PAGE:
The Amatuer Mycologist - Random Find - Probable Flammulina velutipes, The Velvet Foot
These posts are not for foraging. They are intended for entertainment and intellectual satisfaction only. These posts are not a field guide nor comprehensive in any way - their accuracy is not assured in any way. Do not eat wild mushrooms unless you are a professional, have substantial professional assistance or have a wealth of personal experience with a specific species. Do not make any foraging decisions based on these posts. To do so could be dangerous or life threatening.
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I found these fiery, viscid (sticky) little guys in PA
They were hanging around the perimeter of a giant, long dead tree burr. The corpse of the tree fell some time ago, and cut right across the path we were walking on.
Whereas most of the mushrooms I found were dessicated - or worse, in a state of moist decomposition - these bright, beautiful little mushrooms were fresh as the morning dew.
Take a look at the log from which they sprouted
The fact that these mushrooms are saprobic is important
As is they're intense coloration and their viscid cap - viscid being a synonym for sticky. There is a mushroom, known by several aliases - the winter mushroom, the velvet stem, or the velvet foot - whose species name is Flammulina velutipes.
This mushroom is fairly ubiquitous in North America, east of the Rocky Mountains. It grows in deciduous forests on the dead wood of deciduous trees, or sometimes the dying but not yet dead wood of such trees.
The caps tend not to get bigger than 6 or 7cm across, and can grow up to 11cm high according to Kuo, although none of the ones I saw here achieved that feat.
However, the flame colored, sticky cap, growth medium, and size are not automatic giveaways for the species. Two other traits are very important.
First, these are called velvet stem mushrooms for a reason. Let's flip one over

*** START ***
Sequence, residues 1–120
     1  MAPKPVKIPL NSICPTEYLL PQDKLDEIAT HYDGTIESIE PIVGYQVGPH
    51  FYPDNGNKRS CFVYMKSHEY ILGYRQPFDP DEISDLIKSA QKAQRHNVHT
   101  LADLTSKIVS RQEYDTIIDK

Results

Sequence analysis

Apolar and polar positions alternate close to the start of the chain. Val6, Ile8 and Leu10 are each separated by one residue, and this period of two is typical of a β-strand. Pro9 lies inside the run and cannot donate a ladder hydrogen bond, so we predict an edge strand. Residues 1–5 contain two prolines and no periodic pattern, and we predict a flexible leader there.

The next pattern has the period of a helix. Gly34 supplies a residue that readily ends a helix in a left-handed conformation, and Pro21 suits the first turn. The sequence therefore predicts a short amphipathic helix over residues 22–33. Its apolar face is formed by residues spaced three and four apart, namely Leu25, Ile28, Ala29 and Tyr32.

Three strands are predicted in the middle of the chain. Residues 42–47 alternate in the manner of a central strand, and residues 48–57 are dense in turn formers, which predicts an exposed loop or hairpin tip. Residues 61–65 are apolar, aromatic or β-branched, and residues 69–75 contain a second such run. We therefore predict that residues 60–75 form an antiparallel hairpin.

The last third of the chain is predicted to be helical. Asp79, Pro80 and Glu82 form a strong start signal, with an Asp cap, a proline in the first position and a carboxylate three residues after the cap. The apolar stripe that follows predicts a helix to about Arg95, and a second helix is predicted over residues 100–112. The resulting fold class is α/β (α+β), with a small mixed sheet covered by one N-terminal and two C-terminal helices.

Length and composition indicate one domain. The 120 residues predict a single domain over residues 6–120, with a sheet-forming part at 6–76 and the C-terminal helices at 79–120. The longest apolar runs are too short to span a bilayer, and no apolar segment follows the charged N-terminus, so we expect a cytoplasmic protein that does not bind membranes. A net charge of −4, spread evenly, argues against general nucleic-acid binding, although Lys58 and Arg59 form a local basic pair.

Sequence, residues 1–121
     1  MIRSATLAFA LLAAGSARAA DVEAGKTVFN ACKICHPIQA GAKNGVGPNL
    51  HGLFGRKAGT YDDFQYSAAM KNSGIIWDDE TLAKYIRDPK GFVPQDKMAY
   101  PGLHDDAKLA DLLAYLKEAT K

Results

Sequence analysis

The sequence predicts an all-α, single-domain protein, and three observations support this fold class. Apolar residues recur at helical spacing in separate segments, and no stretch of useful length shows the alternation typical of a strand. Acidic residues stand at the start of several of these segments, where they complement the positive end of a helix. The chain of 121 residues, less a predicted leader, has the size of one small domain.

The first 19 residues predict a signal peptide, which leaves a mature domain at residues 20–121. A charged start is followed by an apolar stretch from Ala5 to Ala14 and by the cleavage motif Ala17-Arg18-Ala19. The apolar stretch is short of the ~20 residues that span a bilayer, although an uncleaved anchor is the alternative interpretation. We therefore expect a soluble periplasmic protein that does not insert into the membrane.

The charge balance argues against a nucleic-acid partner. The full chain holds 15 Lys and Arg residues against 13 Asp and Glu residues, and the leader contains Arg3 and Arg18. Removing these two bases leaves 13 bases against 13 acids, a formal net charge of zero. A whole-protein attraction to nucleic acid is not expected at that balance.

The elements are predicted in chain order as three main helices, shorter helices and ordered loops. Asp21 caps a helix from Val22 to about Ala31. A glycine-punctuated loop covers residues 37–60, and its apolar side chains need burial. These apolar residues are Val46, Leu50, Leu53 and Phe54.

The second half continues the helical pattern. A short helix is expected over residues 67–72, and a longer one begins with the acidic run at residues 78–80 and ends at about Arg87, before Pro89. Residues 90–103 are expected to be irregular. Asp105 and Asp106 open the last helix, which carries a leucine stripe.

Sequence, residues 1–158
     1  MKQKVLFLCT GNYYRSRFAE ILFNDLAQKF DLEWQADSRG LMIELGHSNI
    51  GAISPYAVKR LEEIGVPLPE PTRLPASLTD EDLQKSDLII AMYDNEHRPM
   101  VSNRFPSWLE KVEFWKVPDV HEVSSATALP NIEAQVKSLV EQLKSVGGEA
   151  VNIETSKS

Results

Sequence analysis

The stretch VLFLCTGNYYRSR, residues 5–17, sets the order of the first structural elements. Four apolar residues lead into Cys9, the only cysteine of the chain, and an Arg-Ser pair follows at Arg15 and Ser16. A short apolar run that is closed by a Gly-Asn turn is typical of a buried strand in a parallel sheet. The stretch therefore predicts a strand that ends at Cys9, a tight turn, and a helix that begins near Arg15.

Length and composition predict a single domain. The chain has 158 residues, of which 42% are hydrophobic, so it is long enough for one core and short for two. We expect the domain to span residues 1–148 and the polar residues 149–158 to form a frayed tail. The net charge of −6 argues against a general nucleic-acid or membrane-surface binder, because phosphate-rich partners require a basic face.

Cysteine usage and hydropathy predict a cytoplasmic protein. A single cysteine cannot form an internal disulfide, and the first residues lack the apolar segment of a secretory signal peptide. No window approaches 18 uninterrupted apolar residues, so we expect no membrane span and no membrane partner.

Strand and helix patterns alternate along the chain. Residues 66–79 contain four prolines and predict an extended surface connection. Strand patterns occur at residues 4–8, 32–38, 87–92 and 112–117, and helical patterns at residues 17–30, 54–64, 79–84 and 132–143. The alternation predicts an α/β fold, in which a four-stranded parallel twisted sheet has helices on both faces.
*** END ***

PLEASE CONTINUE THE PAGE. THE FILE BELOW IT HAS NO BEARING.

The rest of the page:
Take a look at the velvety stem
As well as the coloration if the stem. It is light whitish or yellowish at the top, near the cap, but brown throughout the rest.
There is a fine velvety-ness to the whole length of the stem. Importantly, there is also no ring, or annulus, on the stem. This is a good sign. If there was a ring, then this might not be F.velutipes but a lookalike mushroom Galerina marginata, previously known as G. autumnalis.
However, once again the lack of an annulus is still not dispositive. Sometimes the ring, which is the remnants of a veil that used to cover the gills, comes off as the mushroom ages.
In order to further confirm the species, a spore print of each specimen is required. F.velutipes has a white print.
This spore print was achieved by leaving the mushroom on a black wooden table for 12 hours. Normally I prefer to do my prints on clear glass, but I had none available in PA.
Plus I already new that there were only two realistic possibilities: either the print would be white, in which case this was almost certainly F.velutipes; or the print would be brown and hardly visible on the table and confirmable with a wet Q-tip.
But since the print turned out white, in conjunction with the other macro-characteristics we've identified, we can be fairly certain that these mushrooms are F.velutipes.
It's worth noting here that just because the few I picked for ID'ing turned out to be F.velutipes, does not mean the rest around that stump were. Tom Volk is quick to point out that G.autumnalis sometimes grows right alongside F.velutipes. So to be certain of an ID, each individual mushroom really ought to be printed.
With fall coming up - in theory anyway - be on the look out for F.velutipes on your nature walks. It's called the winter mushroom for a reason and you're liable to stumble upon it even in winter time, calling out to you like tony campfires in the snow.
Photos are all my own